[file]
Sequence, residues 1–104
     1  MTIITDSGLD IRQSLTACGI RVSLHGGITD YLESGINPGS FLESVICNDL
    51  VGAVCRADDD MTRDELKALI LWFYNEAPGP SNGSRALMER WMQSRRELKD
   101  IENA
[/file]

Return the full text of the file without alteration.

Sequence, residues 1–104
     1  MTIITDSGLD IRQSLTACGI RVSLHGGITD YLESGINPGS FLESVICNDL
    51  VGAVCRADDD MTRDELKALI LWFYNEAPGP SNGSRALMER WMQSRRELKD
   101  IENA